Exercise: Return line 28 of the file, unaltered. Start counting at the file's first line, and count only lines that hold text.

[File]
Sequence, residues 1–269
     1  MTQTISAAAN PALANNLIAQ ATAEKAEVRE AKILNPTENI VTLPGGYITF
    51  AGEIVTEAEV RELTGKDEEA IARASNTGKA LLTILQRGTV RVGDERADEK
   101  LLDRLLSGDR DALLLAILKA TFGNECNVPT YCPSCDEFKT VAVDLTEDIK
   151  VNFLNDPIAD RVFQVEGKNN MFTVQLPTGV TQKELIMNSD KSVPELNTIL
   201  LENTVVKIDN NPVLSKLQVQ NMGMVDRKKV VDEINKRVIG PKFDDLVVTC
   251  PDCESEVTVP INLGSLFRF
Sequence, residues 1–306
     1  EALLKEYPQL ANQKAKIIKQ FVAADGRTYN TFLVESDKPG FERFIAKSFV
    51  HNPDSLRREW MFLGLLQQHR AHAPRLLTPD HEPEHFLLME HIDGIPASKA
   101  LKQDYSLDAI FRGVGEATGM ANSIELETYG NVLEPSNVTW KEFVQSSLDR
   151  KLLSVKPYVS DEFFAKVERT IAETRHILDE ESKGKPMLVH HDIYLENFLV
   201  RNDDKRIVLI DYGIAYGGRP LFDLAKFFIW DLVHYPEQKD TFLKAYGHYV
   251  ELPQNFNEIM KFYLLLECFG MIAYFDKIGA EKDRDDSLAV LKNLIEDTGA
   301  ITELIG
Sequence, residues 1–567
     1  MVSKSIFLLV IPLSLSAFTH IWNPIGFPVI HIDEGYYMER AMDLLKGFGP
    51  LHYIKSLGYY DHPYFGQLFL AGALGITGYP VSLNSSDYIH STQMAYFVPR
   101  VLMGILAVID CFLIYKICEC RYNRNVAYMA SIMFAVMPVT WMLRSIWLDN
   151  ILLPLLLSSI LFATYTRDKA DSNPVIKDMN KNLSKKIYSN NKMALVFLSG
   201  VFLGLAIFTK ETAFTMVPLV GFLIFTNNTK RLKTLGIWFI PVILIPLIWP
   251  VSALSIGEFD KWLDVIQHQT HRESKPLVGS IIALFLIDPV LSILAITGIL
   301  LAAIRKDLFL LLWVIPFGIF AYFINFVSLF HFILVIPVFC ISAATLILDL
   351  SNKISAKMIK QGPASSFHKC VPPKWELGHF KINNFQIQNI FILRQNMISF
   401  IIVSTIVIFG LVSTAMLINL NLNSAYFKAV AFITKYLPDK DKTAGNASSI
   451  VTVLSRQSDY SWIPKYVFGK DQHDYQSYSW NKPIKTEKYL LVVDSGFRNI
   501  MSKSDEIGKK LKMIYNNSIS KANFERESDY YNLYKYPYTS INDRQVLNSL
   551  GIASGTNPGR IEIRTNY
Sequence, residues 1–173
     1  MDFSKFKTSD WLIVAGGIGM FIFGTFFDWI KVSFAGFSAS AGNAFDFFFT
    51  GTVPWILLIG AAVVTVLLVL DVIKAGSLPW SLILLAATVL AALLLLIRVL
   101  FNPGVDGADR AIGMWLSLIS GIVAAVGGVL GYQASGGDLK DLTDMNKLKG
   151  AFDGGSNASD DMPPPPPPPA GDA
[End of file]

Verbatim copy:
   551  GIASGTNPGR IEIRTNY